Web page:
24. Mitch, I managed to resurrect that post using the Wayback machine, unfortunately I lost all the comments. At least I got the post back lol

  25. thank you for this blog
    i really like this this is a become helpful for me
    Really when I comment on someone’s website sometimes it’s warning as spam. This article is taught me a lot.

    1. Why is this comment spam? First, no avatar. Second, supposedly acknowledges learning something about writing comments that don’t look like spam, only the comment definitely looks like spam. Didn’t address a single point in the article, only commented on the post title. Waste of time normally; I’m enjoying doing this on this particular article but I’m not doing it on any other articles after this one.

    1. Holly is not only the queen of comments but she’s the absolute best in the world on comments.

      As to the other one, Holly knows better than to ask that question because we’ve already talked about it like you and I have. πŸ™‚

  26. Great information! I thankful to the author of this blog who sharing such useful information, I also subscribe to your blog for all future posts. I have also shared some useful links here.

    1. This person was creative. I got 3 messages from this guy, but this was the only one with an avatar. Used the same name on all of them, but a different email address at the same time, all with a different first and last name than the name above. Also tried throwing different security product links into the comment, which I of course removed. Spam that didn’t say anything about the article, and any time a comment compliments “the author”, you definitely know it’s spam.

  27. Hi Mitch,

    I’m new to this world of online blog posting so a lot of this information was new to me. Even as I’m writing this post I’ve gotten some error about force_feed with respect to my website url (not sure what that business is about).

    In any case, are there steps indicating how to do things like adding an avatar picture on commentluv posts? I didn’t see an option for adding my own picture. I’m an executive coach, so the relational part of doing this I understand, but I am still getting used to some of the online things.

    I also see that using a Gmail (which I did) isn’t optimal. I’m working with some younger SEO folks and they mentioned something about G-suite to create a proper email address. They’ve also been advising me to build relationships with communities like this one where I can offer some insight and also gather some insight and a place to also share about my business. They’ve also been mentioning that “spam commenting” which you mentioned above isn’t effective.

    I can see this is a bit of an endeavor, but I’m glad that there’s a place where I can learn and hopefully share as well. (Now If I can only get this picture thing figured out).

    1. Greetings John, and welcome to the blog. I’ve done some leadership coaching in my past, but it’s been a long time since I’ve worked in that area.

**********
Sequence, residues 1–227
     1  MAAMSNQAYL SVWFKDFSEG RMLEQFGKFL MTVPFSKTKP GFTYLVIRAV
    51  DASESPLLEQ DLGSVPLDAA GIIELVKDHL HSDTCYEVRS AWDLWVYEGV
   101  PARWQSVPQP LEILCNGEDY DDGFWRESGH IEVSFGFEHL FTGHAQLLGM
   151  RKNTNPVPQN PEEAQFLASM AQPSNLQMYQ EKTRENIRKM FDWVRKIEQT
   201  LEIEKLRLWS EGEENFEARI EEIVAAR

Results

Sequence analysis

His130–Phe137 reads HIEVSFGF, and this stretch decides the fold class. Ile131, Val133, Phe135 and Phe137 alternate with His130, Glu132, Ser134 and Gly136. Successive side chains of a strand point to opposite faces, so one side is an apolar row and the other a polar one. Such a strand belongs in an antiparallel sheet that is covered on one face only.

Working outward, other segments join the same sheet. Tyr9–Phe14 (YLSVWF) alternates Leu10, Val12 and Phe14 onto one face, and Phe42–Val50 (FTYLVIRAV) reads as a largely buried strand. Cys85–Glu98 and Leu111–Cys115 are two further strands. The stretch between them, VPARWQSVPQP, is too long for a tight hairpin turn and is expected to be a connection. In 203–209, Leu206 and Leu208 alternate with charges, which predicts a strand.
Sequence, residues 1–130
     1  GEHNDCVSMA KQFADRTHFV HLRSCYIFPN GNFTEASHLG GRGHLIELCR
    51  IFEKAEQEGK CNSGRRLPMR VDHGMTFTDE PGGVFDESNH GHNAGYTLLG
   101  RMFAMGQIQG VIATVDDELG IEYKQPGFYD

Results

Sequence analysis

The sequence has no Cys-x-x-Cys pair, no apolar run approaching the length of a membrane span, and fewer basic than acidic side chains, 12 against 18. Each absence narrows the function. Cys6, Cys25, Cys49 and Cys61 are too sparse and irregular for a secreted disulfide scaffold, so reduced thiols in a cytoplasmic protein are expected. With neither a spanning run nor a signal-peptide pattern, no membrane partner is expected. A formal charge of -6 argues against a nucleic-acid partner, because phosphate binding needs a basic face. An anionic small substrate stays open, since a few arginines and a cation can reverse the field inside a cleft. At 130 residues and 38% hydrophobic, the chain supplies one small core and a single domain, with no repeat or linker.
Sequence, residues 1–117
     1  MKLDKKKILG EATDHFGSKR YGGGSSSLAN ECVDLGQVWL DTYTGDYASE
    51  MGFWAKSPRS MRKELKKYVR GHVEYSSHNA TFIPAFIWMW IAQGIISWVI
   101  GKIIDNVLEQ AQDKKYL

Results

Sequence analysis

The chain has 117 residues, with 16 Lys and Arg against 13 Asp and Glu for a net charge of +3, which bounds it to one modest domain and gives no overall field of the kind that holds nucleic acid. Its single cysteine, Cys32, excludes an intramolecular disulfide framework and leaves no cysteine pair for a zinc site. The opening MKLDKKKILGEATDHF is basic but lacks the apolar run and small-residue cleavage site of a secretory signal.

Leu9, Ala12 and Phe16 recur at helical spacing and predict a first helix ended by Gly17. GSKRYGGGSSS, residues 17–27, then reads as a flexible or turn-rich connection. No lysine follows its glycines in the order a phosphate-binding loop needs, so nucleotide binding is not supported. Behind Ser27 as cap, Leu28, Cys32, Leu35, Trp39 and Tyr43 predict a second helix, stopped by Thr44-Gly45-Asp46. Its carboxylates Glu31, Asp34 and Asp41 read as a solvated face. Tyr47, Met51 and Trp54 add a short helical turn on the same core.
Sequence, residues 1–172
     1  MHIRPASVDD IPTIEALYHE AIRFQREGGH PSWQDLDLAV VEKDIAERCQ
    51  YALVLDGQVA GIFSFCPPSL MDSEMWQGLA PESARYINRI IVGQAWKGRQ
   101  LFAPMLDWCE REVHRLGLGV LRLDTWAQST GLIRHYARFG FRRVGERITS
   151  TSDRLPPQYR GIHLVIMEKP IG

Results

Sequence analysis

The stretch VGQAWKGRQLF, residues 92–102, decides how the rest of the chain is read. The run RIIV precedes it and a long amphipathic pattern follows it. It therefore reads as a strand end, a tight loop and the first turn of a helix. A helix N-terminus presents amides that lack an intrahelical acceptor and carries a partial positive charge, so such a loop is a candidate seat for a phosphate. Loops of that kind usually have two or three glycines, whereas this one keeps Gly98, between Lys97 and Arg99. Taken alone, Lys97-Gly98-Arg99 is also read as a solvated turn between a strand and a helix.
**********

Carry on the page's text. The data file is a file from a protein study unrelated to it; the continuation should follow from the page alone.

I’m going to assume you’ve been to this page, en.gravatar.com, where you can set your image to an email address… if you have multiple email addresses you can use multiple images to create those avatars (which of course we call gravatars in our world because of the website lol). Once you create an account (with an email and password), you’ll get to a page where you can both add email addresses and images.

      As for those gmail addresses, they’re killer in getting people to trust you. My friend Holly (who left the monster comment above lol) gets away with it because she used a different email address years ago so we all know who she is. Of course, leaving a great comment like you did also helps your case, but it’s terrible for branding.

      Good luck in setting up that avatar; welcome, and I hope we see you again in these parts!

  28. Mitch,

    Thanks for the advice. I’ll definitely hop onto en.gravatar.com. I hadn’t heard of it (like I said, new to all of this stuff). But it makes a lot of sense. I took a quick glance at itβ€”I definitely don’t want to drive people away from my brand. I see that Holly is quite the contributor (and funny to boot).

    You’ll definitely see me around, and by then I’ll have all everything all set up so I don’t look so suspicious, lol. Cheers and many thanks. I look forward to contributing!

  29. Nice info you shared. When I started blog, got these type of comments that first looked great. But soon I realized them being fake. Still trying to figure out who is the genuine one.
    Thanks for this post.

    1. Overall there’s really only one great way of determining if a comment is fake. If it doesn’t reference what you wrote about in any way, it’s fake. Just repeating the name in the title doesn’t count. Look at the bad comments on this particular post that I’ve highlighted; that’ll help you figure it out sooner. Thanks for commenting.

  30. This article is very interesting and useful.really helpful and contains lots of details .
    Thank you for sharing with us